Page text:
May 08, 2011 at 10:47 pm

I have zero credit problems, zero debt, and a growing nest egg.

Borrowing money, especially from companies that charge interest, goes against my personal code. That's like going to a loan-shark, but instead of them saying they are going to break your legs when you can't pay them back, they take your house.

I use debit-cards, and always will. Cash is king, of course.

I've seen my friends suffer the credit-card curse- having been preyed upon by the companies as soon as they got to college, graduating in debt up to $10,000. That is insanity.

What I can't understand about people is- how do they plan on retiring when they can't pay off debt? I am working hard and putting money away in investment funds, etc.... it's not easy! Meanwhile, some crazy person is driving a SUV while on their way to Wal-Mart to add another 200 USD to their credit-card debt.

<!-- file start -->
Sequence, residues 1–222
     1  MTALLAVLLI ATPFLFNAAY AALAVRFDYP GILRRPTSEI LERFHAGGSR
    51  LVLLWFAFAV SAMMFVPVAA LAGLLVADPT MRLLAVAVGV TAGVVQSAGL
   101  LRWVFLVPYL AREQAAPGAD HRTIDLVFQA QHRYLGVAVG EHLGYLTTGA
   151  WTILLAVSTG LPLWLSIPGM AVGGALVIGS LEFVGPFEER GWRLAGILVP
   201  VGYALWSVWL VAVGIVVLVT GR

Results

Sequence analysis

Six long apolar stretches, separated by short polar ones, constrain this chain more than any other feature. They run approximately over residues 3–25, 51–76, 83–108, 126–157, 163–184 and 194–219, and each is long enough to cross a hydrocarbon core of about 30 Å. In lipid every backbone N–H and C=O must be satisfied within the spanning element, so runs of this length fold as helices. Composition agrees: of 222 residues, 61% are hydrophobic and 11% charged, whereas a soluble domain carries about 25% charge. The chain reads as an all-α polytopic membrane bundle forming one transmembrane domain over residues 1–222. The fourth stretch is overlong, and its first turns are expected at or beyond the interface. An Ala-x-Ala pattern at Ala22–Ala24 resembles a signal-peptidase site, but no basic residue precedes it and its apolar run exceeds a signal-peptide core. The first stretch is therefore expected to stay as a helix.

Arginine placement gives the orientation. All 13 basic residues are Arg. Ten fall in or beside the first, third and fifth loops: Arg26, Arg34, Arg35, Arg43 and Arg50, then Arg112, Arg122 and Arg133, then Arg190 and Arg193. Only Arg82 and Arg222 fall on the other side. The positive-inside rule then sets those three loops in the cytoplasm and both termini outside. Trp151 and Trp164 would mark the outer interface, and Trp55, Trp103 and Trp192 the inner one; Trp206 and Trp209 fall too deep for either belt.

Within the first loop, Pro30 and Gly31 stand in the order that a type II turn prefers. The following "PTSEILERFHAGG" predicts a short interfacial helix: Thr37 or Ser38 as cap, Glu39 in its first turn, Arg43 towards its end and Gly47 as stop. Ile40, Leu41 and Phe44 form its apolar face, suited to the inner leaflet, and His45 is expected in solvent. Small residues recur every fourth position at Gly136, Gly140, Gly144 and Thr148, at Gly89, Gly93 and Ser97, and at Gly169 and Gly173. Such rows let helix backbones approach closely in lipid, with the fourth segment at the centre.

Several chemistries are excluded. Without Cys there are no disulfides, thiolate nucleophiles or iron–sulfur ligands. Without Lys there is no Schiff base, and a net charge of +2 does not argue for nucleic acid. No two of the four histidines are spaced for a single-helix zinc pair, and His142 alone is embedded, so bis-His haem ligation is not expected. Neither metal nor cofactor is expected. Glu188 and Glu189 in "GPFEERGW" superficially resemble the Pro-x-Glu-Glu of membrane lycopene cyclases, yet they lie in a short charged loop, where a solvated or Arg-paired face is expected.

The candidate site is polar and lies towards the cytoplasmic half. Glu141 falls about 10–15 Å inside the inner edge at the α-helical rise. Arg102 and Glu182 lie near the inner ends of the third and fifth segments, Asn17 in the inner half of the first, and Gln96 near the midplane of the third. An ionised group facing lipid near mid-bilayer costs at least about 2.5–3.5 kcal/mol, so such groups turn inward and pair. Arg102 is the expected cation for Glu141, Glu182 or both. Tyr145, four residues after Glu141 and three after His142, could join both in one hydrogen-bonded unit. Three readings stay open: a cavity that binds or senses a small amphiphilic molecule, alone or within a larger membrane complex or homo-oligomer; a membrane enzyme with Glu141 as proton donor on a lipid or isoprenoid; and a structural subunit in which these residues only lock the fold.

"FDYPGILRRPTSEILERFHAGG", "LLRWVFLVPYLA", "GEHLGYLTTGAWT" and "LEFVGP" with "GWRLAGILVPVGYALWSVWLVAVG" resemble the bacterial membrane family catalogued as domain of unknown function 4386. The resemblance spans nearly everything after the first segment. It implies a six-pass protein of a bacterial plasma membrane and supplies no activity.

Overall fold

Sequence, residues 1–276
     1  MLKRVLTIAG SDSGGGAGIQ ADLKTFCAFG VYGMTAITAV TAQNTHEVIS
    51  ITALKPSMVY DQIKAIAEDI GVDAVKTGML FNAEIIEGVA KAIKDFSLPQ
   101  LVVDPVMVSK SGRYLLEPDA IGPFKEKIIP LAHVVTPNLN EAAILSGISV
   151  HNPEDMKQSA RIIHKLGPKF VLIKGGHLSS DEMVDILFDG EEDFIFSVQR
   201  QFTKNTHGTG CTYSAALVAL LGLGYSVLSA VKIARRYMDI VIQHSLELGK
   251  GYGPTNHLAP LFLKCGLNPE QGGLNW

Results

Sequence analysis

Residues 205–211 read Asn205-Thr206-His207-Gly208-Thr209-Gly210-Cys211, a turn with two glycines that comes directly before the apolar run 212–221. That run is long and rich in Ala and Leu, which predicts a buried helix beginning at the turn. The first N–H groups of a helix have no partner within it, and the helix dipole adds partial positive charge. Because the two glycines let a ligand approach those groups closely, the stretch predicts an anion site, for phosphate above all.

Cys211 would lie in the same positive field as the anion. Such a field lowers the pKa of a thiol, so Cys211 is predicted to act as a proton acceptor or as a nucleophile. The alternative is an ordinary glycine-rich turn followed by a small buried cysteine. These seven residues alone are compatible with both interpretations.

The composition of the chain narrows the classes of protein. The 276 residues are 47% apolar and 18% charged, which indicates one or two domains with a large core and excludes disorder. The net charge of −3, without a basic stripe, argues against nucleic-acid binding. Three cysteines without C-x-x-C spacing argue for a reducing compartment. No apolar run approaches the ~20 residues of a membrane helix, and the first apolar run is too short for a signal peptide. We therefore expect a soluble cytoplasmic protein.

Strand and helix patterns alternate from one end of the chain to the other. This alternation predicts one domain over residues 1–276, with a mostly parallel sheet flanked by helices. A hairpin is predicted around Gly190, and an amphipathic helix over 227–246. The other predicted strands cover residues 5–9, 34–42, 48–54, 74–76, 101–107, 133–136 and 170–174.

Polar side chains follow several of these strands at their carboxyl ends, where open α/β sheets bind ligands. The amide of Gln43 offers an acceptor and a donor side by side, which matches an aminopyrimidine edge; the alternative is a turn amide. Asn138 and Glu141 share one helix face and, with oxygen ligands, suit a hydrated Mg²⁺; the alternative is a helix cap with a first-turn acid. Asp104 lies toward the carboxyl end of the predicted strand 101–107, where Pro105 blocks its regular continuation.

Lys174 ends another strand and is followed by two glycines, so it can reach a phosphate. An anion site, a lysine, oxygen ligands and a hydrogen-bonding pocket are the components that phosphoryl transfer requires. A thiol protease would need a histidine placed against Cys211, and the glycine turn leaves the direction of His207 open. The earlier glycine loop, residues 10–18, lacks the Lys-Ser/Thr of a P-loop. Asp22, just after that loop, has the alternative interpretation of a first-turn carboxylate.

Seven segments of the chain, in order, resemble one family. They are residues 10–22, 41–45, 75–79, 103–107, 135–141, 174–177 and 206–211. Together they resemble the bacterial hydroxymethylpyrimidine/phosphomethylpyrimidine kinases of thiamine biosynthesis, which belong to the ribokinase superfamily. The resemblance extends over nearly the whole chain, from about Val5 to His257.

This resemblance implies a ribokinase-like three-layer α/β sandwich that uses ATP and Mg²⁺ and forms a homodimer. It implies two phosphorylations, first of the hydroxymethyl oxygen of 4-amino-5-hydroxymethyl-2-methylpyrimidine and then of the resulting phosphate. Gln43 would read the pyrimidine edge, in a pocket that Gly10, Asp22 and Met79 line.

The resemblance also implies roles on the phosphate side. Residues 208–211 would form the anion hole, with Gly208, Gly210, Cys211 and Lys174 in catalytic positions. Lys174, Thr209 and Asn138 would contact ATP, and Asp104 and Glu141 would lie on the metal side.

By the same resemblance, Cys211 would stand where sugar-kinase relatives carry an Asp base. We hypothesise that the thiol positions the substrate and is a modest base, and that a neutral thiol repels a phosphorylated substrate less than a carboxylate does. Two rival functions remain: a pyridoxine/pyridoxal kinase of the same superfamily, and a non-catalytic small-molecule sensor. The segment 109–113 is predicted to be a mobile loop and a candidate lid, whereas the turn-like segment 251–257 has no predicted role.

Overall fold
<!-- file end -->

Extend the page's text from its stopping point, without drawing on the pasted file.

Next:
.... then they COMPLAIN about gas-prices (which is very cheap in the USA, regardless).

By the way, I am a teacher, and I enjoy living in amazing places all over the world, and not necessarily cheap places; my family lives modestly and we have all the luxuries we need. No fancy cars, not too many meals out on the town.... we have everything we need, and no more.

Borrowing money and paying interest on it is weak. It's fine for businesses, but too many people think it's okay to charge that $3 Slurpee on their credit-card, and not thinking how it will actually cost them $30 by the time they pay it off, if ever.

May 07, 2011 at 8:18 am

hmm liberal cities is the link to all the cities. hmm strange?

May 04, 2011 at 9:02 pm

Interesting list... I wonder how it would change if it was set as a percentage of income.

I also pay roughly $2k-$4k/month on my cards... $0.00 balance! And I get $3k - $5k from my employer for travel expenses! Great thing about owning my truck... I make money on mileage, even though it guzzles gas like Congress spends money!